"Not every day the president flirts with outright admitting to obstruction of justice in an interview on the record," MSNBC's Chris Hayes tweeted shortly after the interview aired.
Bob Bauer, who was a White House counsel under President Barack Obama, also questioned whether Trump's "demands for reassurance, by their very repetitiveness," implied that Trump "was bringing pressure on the person in charge of a criminal investigation to limit it." In doing so, Bauer said, Trump was obstructing justice.
But Lawfare's experts wrote that "the president's potentially obstructive behavior was not limited to allegedly asking repeatedly whether he was under investigation."
Reports surfaced soon after Comey was fired that Trump had asked for his loyalty more than once: first during a one-on-one dinner in late January, and again earlier this month, days before Comey testified in an open Senate Judiciary Committee hearing.
Comey had not allowed the White House to preview his testimony, which Trump and his aides considered "an act of insubordination," according to Reuters. The New York Times echoed that report, saying Trump was broadly irked by his inability to gain assurances of loyalty from Comey.
Deitz, who said an obstruction-of-justice case would not be easy, said he "personally would be willing to take this case to a jury — especially coupled with [Trump's] supposed demand that Comey be loyal."
Richard Painter, a professor at the University of Minnesota who was President George W. Bush's chief ethics lawyer from 2005 to 2007, told Business Insider on Tuesday that "obstruction of justice would be occurring if there were an express or implied threat to fire" Comey if he didn't drop the Russia probe.
"That's obstruction of justice. The president fired the FBI director," Painter said. "It's all evidence of a major scandal and abuse of power."
The president has willingly created this self-portrait
Trump told Holt he was thinking about "the Russia thing" when he fired Comey — specifically about how it was a "made-up story."
"Responsible for the faithful execution of the laws and the integrity of the system of justice, Mr. Trump has chosen to actively dispute the basis for an ongoing FBI investigation that affects his interests," Bauer wrote on Friday.
Louis Seidman, a professor of constitutional law at Georgetown University, said the question of whether Trump would be found guilty by Congress of obstructing justice "is not legal, it is political."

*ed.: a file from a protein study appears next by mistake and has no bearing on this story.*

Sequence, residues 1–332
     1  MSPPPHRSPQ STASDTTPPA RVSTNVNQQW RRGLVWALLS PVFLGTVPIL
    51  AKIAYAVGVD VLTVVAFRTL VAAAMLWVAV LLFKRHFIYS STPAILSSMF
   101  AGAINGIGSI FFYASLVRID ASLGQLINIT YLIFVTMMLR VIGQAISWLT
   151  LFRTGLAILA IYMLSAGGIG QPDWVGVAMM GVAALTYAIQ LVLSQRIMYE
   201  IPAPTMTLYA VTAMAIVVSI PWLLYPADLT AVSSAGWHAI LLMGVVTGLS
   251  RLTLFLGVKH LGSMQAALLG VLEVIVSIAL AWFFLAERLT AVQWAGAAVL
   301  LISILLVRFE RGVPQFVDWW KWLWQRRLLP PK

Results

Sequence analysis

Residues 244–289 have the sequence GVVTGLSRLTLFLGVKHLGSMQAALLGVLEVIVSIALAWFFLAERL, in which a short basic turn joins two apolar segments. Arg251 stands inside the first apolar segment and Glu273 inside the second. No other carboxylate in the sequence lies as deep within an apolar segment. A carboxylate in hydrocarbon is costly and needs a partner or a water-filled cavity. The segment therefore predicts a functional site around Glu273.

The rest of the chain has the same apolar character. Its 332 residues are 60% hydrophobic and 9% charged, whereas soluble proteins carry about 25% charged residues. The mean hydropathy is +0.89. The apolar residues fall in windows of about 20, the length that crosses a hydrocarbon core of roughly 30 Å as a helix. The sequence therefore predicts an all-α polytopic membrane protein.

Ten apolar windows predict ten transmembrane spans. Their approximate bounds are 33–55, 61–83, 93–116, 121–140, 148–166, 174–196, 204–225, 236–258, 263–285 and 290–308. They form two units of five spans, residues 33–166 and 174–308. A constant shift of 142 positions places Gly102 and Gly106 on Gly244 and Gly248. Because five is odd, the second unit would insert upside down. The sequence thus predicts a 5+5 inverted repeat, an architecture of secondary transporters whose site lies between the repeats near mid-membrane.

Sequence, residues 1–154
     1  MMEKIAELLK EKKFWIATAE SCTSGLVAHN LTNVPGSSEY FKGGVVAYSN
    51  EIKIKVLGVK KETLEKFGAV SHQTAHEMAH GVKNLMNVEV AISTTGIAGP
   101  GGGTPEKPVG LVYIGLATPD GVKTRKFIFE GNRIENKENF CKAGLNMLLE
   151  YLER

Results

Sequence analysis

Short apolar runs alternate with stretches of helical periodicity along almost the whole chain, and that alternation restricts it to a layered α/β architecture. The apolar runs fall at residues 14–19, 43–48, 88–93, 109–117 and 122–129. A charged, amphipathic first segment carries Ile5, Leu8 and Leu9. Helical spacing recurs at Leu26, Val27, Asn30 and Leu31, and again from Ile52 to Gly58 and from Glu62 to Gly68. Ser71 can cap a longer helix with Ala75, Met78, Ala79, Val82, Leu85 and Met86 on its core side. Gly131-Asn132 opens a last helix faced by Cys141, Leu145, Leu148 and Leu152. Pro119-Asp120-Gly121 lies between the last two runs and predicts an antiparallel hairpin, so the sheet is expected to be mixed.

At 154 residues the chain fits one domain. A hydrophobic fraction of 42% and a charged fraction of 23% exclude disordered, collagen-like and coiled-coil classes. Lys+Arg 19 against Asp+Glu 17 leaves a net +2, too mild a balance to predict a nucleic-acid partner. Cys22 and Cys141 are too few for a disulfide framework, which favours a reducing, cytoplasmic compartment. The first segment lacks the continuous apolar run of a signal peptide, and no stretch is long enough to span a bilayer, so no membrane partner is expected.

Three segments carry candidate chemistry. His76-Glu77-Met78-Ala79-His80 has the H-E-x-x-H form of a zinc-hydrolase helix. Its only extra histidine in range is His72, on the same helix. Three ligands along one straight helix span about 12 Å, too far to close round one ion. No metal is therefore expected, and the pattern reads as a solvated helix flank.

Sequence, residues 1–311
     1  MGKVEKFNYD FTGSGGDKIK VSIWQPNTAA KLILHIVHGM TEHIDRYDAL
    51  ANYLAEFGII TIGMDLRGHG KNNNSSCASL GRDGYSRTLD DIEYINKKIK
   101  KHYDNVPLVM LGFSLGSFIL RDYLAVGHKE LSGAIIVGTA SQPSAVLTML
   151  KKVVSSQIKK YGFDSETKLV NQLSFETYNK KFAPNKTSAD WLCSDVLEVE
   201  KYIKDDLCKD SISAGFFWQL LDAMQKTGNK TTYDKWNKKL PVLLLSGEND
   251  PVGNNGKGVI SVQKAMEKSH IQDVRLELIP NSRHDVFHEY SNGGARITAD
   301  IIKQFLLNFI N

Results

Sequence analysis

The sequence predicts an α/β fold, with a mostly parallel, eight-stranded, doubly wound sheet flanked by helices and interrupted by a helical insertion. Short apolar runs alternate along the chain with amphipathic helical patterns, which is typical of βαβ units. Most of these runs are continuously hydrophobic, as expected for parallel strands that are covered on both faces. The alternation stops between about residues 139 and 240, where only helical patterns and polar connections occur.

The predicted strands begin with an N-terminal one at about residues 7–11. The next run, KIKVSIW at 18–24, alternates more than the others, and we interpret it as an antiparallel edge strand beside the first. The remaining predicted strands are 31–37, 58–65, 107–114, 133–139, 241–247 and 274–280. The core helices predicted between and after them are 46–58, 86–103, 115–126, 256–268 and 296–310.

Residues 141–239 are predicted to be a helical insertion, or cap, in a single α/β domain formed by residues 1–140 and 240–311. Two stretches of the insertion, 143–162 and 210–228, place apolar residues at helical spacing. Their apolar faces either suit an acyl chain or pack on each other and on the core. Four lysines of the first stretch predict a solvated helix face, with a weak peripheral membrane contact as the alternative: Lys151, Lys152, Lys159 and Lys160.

"Has the president violated the oath he took to support and defend the Constitution of the United States? Lawyers and law professors have no special expertise about that," Seidman said. "It's an issue for the American people to decide."
When it comes to examining whether Trump sought to obstruct the FBI's investigation into Russia's election interference and whether the Trump campaign played a role, the president's pattern of behavior and past statements about the probe will likely come back to haunt him. (Trump's comments about barring Muslims from the US were similarly considered when federal courts were debating the intent behind his two controversial executive orders on immigration.)
"What is most remarkable is that the president has willingly created this self-portrait," Bauer wrote. "As scandals in the making go, this one may become famous for featuring the president as the principal witness against himself: he seems committed to uncovering any cover-up."
The Atlantic's Peter Beinart echoed Bauer's assessment, arguing Trump dug his political grave by repeatedly trying to downplay and discredit an ongoing investigation into his campaign.
"As a result of his own ineptitude, Trump is politically weaker than he was on Inauguration Day even though the economy is stronger," Beinart wrote. "And it's harder to mount a populist assault on the rule of law when you're not even that popular."
CNN's Jake Tapper put it simply on Wednesday night: "Every single one of the president's wounds is self-inflicted."